• Other symbols have been taken from the names of elements in Latin, German or Greek. For example, the symbol of iron is Fe from its Latin name ferrum, sodium is Na form natrium, potassium is K from kalium. Therefore, each element has a name and a unique chemical symbol.
     
    • Size of the Atom / Elements: Atoms are very small, they are smaller than anything that we can imagine or compare with. One hydrogen atom, the smallest atom known, is approximately mm in diameter. Atomic radius is measured in nanometers. 1 m = 109 nm.
     
    • Atomic Mass: The mass of a particular atom is taken as a standard unit and the masses of other atoms are related to this standard. Hydrogen being the lightest element and being more...

    Chemical Bonding    
    • Atoms are made up of three smaller particles called protons, neutrons and electrons. The protons and neutrons are found in the nucleus of the atom. Protons have a single positive charge. This is called the Atomic Number of an atom. The Atomic Number tells us the number of electrons that the atom contains. It is these electrons that determine the chemical properties of the atom and the way it combines with other atoms to form specific compounds. Electrons have a single negative charge. Normally, atoms are electrically neutral so that the number of electrons is equal to the number of protons.
     
    • Electrons orbit around the nucleus. Electrons cannot orbit the nucleus of an atom in any orbit. The electrons are restricted to specific paths called orbitals or shells. Each shell can only hold a certain number of electrons. When a shell is full, no more electrons can go into that shell. The key to the properties of atom is the electrons in the outer shell. A complete outer shell of electrons is a very stable condition for an atom.
     
    • Valency: Hydrogen is the simplest element. It has one electron. Its outer shell only holds two electrons. Valency can be simply defined as the number of Hydrogen atoms that an element can combine with. The atoms with full electron shells (Helium, Neon, Argon) are chemically inert forming few compounds. The atoms don’t even interact with each other very much. These elements are gases with very low boiling points. The atoms with a single outer electron or a single missing electron are all highly reactive. Sodium is more reactive than Magnesium. Chlorine is more reactive than Oxygen Generally speaking, the closer an atoms is to having a full electron shell, the more reactive it is. Atoms with one outer electron are more reactive than those with two outer electrons, etc. Atoms that are one electron short of a full shell are more reactive than those that are two short.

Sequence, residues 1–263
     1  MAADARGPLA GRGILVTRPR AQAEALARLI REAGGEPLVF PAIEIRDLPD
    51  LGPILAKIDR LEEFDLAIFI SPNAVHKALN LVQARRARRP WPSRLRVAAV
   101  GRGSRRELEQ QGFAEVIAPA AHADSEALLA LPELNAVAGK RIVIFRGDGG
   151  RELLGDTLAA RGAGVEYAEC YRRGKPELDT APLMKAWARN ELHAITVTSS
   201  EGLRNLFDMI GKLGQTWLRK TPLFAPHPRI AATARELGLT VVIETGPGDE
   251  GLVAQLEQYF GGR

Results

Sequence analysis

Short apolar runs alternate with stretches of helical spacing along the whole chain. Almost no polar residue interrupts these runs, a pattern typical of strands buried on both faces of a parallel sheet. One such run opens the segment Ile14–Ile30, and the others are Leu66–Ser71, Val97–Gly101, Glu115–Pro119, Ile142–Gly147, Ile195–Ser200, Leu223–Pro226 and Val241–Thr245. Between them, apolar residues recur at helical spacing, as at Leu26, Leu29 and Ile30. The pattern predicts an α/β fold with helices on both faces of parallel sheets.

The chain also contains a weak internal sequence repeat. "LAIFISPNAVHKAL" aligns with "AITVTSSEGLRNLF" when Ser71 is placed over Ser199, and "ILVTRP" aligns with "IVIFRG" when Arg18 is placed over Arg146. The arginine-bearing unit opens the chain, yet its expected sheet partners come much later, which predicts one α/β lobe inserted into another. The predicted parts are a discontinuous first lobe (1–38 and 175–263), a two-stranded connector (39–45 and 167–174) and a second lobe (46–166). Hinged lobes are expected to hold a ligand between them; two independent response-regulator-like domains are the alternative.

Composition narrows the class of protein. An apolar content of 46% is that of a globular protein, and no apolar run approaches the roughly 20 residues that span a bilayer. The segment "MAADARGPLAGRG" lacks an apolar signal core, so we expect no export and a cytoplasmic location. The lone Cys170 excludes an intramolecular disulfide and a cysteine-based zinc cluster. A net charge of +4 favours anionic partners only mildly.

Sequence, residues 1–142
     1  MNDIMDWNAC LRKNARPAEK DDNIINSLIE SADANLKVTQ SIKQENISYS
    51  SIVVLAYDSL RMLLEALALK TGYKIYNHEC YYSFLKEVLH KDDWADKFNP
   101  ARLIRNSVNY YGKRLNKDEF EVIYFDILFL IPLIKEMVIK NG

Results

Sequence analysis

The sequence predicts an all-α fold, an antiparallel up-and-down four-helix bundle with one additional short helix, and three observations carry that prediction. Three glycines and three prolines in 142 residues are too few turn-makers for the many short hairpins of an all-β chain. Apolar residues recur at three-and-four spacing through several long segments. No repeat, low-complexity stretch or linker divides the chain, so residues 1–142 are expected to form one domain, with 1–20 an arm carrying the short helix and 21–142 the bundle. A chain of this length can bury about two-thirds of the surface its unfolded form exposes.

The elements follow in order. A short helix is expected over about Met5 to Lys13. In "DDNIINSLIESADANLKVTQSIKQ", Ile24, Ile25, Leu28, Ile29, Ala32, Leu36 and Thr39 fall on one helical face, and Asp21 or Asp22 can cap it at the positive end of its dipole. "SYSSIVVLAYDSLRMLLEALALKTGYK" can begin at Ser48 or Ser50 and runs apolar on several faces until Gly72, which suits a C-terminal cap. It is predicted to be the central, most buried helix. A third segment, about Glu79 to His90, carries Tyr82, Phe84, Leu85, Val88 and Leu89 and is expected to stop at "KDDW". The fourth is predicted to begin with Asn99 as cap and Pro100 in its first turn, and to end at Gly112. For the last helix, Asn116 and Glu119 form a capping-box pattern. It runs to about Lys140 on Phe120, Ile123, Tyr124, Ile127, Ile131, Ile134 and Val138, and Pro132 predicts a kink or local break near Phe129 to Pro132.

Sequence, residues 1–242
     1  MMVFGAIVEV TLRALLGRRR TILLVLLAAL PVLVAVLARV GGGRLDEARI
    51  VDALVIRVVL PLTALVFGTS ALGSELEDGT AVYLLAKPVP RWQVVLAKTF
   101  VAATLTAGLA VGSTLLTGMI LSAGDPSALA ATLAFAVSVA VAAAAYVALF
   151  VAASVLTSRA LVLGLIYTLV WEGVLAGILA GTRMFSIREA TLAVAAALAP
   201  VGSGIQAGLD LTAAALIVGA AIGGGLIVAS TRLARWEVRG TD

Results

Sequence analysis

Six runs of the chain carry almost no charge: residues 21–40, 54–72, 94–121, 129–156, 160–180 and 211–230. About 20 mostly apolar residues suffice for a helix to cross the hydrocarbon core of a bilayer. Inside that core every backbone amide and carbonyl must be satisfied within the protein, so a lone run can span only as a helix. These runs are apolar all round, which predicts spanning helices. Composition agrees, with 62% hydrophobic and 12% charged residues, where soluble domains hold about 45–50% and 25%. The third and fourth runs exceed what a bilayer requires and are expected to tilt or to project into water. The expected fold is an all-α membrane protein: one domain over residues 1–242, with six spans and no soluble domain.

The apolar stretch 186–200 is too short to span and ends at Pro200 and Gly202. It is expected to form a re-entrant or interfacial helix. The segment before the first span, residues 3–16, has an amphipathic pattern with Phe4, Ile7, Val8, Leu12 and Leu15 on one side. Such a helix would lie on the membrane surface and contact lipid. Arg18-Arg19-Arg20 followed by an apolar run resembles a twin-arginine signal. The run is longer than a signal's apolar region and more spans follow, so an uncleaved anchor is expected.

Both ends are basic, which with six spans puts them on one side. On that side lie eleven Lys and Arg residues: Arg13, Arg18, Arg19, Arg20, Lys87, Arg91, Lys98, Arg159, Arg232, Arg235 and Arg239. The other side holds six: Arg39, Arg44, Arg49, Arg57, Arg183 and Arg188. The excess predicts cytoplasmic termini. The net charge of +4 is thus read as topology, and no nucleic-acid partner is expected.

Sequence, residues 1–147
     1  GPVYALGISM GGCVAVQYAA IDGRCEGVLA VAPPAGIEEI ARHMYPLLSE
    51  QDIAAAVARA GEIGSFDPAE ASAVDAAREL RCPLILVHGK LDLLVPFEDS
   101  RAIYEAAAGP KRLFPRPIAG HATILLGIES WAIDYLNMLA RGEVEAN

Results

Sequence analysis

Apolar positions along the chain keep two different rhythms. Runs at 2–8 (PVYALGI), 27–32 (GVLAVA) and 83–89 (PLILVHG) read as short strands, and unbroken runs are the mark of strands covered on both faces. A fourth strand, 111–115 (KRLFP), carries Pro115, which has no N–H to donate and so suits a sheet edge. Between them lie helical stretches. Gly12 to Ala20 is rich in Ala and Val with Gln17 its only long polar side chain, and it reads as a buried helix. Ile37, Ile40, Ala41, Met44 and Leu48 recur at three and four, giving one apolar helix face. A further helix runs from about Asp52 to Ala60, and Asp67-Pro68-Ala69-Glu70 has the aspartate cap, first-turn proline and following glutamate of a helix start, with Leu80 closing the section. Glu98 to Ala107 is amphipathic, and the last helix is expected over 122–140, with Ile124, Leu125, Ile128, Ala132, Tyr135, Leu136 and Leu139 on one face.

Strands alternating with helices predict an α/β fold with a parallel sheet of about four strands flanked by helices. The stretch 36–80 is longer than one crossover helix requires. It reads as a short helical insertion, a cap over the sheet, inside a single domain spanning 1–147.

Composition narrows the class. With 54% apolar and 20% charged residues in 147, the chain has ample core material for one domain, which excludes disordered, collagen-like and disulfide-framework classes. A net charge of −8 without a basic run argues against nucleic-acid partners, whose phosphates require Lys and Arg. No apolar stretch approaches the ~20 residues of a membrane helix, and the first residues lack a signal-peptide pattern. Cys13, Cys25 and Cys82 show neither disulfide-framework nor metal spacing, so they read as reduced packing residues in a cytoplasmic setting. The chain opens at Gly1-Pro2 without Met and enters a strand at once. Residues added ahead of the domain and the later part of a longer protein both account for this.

• Chemical bonds are what hold atoms together to form the more complicated aggregates that we know as molecules and extended solids. The forces that hold bonded atoms together are basically just the same kinds of electrostatic attractions that bind the electrons of an atom to its positively-charged nucleus. Chemical bonding occurs when one or more electrons are simultaneously attracted to two nuclei
     
    • Mainly 3 Types of bonds can be present in Chemical Compounds.
     
  • Electrovalent or lonic Bond: It is formed by Transferring of Electrons between 2. Atoms. These types of bonds are mainly formed between Metals and Non - Metals. These compounds exist in solid form. These compounds have high boiling Point. Melting Point and thermal stability.
  •  
  • Covalent Bond: It is formed by equal sharing of Electrons between 2 Atoms. This type of bond is mainly formed between non more...